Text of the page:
Following up on my blog post from a couple of weeks ago, I have been doing some research into various RPG systems that I would like to play. Some of those purchases and inquiries are starting to come to fruition and there has been one system that has really caught my eye.
Cairn is a New School Revival system, which if I am being honest, I don't know exactly what that means. The term is used online often in conjunction with the Old School Revival (OSR) terminology, which references the D&D methods and designs from the early eighties. I'll talk about that more in another post, but I wanted to highlight a bit of what has caught my eye with Cairn. I'll be summarizing a bit on my interpretation, so this may not entirely be the designer's intent with the system design.
"Cairn is an adventure game about exploring a dark & mysterious wood filled with strange folk, hidden treasure, and unspeakable monstrosities. Character generation is quick and random, classless, and relies on fictional advancement rather than level mechanics.
The entire rules set is about 24 pages and can be downloaded over at cairnrpg.com. There is some very nice design aesthetic as well around the character sheet and pamphlet.
One of the key things I would like to try and do with Cairn is to explore some of the tropes and mechanics that D&D 5e either falls short on or that our play group has not explored. For the purposes of my planning, I have solidified around three main concepts that I would like to explore with Cairn.
- Make wilderness survival matter. When characters venture out into the wilderness the management of their resources and the risk/reward to exploring should be tied into the system. The further they explore, the greater the treasure reward could be, but also the higher the risk. Getting back to a safe haven after your adventure should be considered in their resource management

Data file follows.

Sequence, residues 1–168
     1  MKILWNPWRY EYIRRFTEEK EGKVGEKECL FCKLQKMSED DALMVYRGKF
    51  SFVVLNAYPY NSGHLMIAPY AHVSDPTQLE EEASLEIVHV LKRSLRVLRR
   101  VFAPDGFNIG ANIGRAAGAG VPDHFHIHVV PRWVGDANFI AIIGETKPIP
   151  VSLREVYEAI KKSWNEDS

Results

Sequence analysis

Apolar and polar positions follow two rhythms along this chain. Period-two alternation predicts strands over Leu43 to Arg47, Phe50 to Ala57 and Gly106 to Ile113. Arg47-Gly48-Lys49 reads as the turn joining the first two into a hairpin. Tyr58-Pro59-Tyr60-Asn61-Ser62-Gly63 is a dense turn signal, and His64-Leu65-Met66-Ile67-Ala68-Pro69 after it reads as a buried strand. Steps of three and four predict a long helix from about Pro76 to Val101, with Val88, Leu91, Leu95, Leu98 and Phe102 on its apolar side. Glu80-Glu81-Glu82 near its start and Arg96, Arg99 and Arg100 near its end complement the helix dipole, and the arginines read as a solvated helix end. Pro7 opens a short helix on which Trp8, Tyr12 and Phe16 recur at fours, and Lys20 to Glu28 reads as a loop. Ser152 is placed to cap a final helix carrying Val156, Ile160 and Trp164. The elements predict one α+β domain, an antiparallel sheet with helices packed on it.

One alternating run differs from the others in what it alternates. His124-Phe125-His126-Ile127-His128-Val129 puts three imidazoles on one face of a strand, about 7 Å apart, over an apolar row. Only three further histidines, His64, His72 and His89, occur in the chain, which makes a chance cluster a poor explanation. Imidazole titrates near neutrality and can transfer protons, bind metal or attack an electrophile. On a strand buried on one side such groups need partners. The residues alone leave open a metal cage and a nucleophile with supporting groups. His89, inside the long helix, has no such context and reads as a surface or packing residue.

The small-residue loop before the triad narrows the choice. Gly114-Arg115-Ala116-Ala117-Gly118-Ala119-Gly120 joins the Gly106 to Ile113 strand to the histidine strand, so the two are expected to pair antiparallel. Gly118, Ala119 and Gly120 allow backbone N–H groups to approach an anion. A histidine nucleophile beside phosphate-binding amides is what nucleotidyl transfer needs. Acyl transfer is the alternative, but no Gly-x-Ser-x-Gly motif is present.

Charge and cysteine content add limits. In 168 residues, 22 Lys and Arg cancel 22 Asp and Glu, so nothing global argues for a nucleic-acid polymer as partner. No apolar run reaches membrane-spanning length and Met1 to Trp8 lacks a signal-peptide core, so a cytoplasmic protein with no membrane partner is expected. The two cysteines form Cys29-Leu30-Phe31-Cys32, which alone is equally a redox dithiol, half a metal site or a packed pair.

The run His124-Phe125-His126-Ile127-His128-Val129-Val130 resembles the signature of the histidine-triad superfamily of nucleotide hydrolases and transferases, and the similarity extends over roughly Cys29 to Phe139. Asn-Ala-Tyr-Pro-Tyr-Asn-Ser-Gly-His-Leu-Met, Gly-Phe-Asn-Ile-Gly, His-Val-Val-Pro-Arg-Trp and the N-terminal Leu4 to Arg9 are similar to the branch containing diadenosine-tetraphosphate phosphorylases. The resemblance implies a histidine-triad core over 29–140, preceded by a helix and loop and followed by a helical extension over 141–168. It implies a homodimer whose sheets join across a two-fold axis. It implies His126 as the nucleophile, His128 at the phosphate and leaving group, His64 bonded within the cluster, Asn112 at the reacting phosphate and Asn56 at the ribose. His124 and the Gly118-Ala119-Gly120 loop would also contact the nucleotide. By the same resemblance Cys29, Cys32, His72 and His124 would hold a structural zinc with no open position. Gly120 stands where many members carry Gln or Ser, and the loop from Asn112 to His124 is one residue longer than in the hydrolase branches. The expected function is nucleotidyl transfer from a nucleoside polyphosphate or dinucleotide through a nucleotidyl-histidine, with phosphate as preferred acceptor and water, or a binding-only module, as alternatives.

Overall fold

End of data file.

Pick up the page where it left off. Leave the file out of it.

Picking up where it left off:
- Make money matter. D&D 5e hands out a lot of money and after a few levels, characters have more than they can possibly spend. Additionally, living expenses become a chore and a waste of time when they have hundreds of gold burning in their pockets. Cairn's limited inventory system may not only help the player spend their money, but also manage all of the items they have and make considerations as to what is most useful for the adventure they are entering into.
- Explore character advancement outside of the traditional “leveling up” system. There is a concept known as “Foreground Growth” where the characters can grow and advance through in the world and their adventures, not from resting overnight. I love the idea of exploring the concept your direct encounters and experiences lead to specific growth. Perhaps you had a close encounter with a Hag in the wilderness and as a result you learned about their critical weakness.
This would be my first time running a system like this, so I am hoping to build the campaign around an adaptation of "The Lost Citadel" by Green Ronin Publishing. I am hoping that the concept of a single, last human city will help to facilitate this campaign style since the adventurers will have to head out into the wilderness and try to make their way back. Adventuring further from the city can result in increased risk and increased reward.
Cairn has a lot of nice hacks built by the community to further some of the dungeon and hex crawl mechanics. I think that would be really fun to dig into an explore as a core component of the campaign.